Legal thoughts on the Call for Evidence: Opinion Piece
A qualified lawyer, Shirley Ann Fisher, provides a range of legal and financial services for the expat community in the Murcia region of Spain. She also has a solid background of working in private practice in the UK as well as the residential conveyancing market. Shirley continues to act as locum as and when required.
Here, she shares her responses to the Government’s ‘Call for Evidence’; released last month, this aims to gather opinions and views on how the home moving process can be improved.
The consultation is open until 17 December – it can be accessed here.
Should the industry do more to make customers aware of how to complain?
Why should it be about complaining! There is too much about that already! I think buyers and sellers need to be made aware of WHO IS WHO and what their role is i.e. estate agents are not qualified and lawyers are. Lawyers act in clients best interests and have responsibilities in law. There should be no blurring of lines – the consumer needs to be educated.
I think buyers and sellers need to be advised how they can prepare themselves for a transaction and how they can assist the lawyers with the process of their matter. Basically “getting your house” in order – before you have bought it.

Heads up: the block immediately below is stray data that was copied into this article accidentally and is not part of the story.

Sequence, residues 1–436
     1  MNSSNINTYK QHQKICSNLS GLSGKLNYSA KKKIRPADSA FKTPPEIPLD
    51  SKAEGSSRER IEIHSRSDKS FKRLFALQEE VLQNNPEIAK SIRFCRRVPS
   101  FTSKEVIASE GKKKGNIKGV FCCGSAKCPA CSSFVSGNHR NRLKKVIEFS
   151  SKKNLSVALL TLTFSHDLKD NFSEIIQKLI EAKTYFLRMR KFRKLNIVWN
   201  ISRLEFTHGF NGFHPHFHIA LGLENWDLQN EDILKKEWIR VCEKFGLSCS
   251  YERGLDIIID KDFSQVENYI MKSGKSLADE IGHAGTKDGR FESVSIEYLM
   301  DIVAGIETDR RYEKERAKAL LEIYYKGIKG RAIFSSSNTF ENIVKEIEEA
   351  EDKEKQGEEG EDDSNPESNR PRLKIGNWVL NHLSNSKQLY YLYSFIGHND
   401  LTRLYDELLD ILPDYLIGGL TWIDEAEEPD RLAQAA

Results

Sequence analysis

Should the government take further action to enforce current transparency regulations regarding disclosure of referral fees?
Yes, I think they should! I think referral fees have not been a constructive tool for buyers or sellers as is too much open to abuse and cannot be considered to be used on a subjective basis. Sadly, I hear of many cases where an estate agent has persuaded a consumer to Instruct a particular lawyer for their own reasons.
What would the impact be of banning referral fees?
The banning of referral fees would assist a clearer distinction in the process. If a legal practice is so dependent upon referral fees, serious questions have to be asked as to why they have to pay them in order to receive work from estate agents and other introducers.
Should the government introduce more regulation for estate agents?